Nobody wants to take a hex wrench to their mirrors under dark skies, but anyone with a folding light path has probably done so in the past. In other words, this measurement can pretty quickly tell you if you have problematic zones in the image from things like mirror tilt, etc. For instance, if almost all of your image has an acceptable level of eccentricity except for the upper left corner, it is important to understand the direction and magnitude of change required for adjustment. Further, this alignment issue cannot be detected by the HFR measurement alone because the HFR will consistent across all frames. In this case, you’d need an independent metric that can detect differences within a single image and eccentricity fits that bill. Kind of… using the mean eccentricity of an image is not helpful in this case, but SGPro will provide an easy to read, visual representation by zone. Zones that are “good” will have a transparent green overlay and zones not good will be wither yellow or red depending on severity.
For any image, you can quickly inspect the 9 (3x3) most important points at high levels of zoom with absolutely no scrolling. At the click of button, get a zoomed-in view of all four corners, all four edges and the center of the image. Quickly zoom in and out while retaining the anchor points of each grid cell. Visual inspection can be important when determining the quality of an image. In addition to inspection of images you have on disk, you can use the 3x3 grid as the default “mode” for previewing new images during sequence capture. If enabled, all new images coming off the camera will be displayed immediately in the grid to allow for near immediate detailed inspection (and potentially marking the image as bad). The same is also true when using the image navigation buttons in the toolbar. This will allow you to very quickly traverse recent image history and, for each, inspect its image quality.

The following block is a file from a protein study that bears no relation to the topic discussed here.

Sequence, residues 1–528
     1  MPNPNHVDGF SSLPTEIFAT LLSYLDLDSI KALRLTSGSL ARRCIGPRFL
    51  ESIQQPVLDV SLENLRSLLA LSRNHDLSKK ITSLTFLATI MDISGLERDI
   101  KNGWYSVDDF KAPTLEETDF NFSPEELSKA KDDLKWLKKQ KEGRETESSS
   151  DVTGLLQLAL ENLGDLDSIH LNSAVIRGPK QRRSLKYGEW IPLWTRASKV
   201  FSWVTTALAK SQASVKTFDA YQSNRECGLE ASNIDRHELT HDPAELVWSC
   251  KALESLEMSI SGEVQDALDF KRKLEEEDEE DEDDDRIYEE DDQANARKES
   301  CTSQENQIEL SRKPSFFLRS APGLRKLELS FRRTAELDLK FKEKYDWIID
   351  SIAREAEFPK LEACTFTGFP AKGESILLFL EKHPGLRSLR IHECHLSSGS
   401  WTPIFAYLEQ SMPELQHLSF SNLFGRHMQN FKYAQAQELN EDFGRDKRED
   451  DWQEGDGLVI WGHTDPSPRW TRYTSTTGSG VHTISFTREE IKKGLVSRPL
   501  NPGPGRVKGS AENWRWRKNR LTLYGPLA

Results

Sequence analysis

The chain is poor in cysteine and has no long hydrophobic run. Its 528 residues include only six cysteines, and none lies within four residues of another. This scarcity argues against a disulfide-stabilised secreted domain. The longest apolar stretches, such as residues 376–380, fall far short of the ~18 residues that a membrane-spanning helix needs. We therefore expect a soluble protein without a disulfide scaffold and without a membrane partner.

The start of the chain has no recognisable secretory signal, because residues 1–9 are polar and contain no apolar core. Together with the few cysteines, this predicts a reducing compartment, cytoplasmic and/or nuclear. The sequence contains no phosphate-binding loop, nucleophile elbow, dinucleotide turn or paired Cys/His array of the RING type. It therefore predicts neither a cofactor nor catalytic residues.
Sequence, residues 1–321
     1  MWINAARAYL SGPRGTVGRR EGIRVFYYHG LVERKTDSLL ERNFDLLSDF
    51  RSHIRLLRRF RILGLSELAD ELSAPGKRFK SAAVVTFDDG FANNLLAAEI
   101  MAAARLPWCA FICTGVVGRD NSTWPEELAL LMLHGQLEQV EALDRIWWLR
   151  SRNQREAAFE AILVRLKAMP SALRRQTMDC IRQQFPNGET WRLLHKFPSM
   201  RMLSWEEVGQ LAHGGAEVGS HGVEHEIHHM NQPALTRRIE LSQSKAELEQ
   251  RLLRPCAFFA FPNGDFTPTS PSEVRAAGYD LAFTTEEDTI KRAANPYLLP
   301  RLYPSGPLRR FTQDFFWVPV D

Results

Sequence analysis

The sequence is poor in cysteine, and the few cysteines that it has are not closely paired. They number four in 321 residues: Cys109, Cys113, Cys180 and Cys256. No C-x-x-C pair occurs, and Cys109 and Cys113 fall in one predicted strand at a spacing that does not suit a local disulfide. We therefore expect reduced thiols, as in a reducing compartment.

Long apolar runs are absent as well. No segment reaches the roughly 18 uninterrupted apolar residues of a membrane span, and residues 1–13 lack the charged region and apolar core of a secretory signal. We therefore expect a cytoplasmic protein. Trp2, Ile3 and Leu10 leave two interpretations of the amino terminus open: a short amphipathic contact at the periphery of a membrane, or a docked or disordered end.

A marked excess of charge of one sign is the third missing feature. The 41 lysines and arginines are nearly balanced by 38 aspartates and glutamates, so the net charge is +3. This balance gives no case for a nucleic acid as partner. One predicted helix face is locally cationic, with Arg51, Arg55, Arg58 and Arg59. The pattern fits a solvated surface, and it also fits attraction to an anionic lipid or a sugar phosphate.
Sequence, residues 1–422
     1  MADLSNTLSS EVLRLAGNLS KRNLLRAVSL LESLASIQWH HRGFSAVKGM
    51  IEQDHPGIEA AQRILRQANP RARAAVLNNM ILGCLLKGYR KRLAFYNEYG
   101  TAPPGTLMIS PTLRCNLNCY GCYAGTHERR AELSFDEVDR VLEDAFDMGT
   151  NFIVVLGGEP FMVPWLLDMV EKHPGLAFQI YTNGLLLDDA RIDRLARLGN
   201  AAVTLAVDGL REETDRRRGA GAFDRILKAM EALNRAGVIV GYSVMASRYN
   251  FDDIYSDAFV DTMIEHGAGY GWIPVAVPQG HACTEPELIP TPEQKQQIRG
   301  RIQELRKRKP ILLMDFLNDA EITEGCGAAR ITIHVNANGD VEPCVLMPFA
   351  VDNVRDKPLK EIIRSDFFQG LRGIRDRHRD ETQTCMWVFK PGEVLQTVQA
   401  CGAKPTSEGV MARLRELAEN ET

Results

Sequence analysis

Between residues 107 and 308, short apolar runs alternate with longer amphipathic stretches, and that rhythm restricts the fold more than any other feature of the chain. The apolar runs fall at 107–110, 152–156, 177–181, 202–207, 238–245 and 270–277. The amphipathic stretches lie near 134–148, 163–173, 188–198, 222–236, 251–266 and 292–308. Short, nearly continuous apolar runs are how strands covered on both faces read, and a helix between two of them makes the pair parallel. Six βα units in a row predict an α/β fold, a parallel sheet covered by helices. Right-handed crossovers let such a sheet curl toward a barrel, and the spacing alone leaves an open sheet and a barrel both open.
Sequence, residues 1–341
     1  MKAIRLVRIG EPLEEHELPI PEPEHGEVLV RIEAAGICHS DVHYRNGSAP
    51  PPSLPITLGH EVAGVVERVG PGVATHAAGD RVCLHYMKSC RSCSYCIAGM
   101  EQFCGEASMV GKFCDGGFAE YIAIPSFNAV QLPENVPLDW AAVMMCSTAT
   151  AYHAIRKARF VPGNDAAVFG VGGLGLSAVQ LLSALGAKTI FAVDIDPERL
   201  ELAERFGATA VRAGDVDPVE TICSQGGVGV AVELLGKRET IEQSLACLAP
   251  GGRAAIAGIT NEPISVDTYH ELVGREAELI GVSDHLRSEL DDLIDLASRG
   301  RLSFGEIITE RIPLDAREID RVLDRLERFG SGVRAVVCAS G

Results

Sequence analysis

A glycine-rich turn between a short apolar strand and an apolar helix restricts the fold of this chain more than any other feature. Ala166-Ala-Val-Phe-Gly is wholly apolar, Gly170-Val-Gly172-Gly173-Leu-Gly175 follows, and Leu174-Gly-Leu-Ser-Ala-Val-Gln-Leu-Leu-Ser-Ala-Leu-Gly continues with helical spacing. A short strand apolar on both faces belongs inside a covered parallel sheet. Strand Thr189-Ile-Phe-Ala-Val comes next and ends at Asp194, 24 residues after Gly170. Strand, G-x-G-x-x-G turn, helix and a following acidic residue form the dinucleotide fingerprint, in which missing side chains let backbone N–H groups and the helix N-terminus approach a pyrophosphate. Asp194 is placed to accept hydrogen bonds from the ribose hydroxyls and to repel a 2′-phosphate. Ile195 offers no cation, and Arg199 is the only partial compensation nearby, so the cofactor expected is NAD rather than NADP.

Here it is in action using a real astro-image…
How it works…
- Sequence starts
- SGPro attempts to find the last known (now recorded in sequence) focus position for the last sequence start
- If it finds one within 15 days AND within +/- 1.5 hours of the last starting time (3 hr range), use it as the current starting position
- If starting filters are different, optionally apply focuser offset between the 2 filters
- If none are found, default to the filter’s absolute position
- If sequence has temperature compensation enabled, apply it
- Run initial auto focus
Not much to say here other than “it exists” and now you can move closer to your favorite pole. This is much more useful to those located nearer to the poles. For a very long time SGPro only supported flips when the current target was located above the pole. Nothing to do or set… SGPro will detect this and act accordingly.
SkyTools 4 sessions now exists in SGPro 4.3. This is the most full-featured target import in SGPro and it allows not only for import of the targets and their locations, but also for basic event sequencing (with filters).
A little extra control over your rig never hurt anything (that I know of). SGPro 4.3 now allows for manual movement of your mount to user defined locations. Those locations can be entered in either RA and Dec or Altitude and Azimuth. In addition to this, you can move the mount to several pre-defined positions using the drop down menu (e.g. ideal sky flats positions, home, park, etc).
Note: Use the double arrows to copy the current position into the text fields (useful if you want to make small adjustments to the current location)
Note: Not all mounts support movement in Alt / Az
Various fixes and tweaks to the UI, small bugs and general readability of themes (including better positional restoration of various different SGPro windows).
A bunch of outstanding bugs that exist in SGPro 4.2 have been fixed here. For the most part, we fix bugs in-place for the released version. In this case, some bugs required less-than-simple fixes and needed to go through a proper beta cycle before release.
- From within SGPro, go to
Check for updates
- Download it manually from the MSS website here: Downloads – Sequence Generator Pro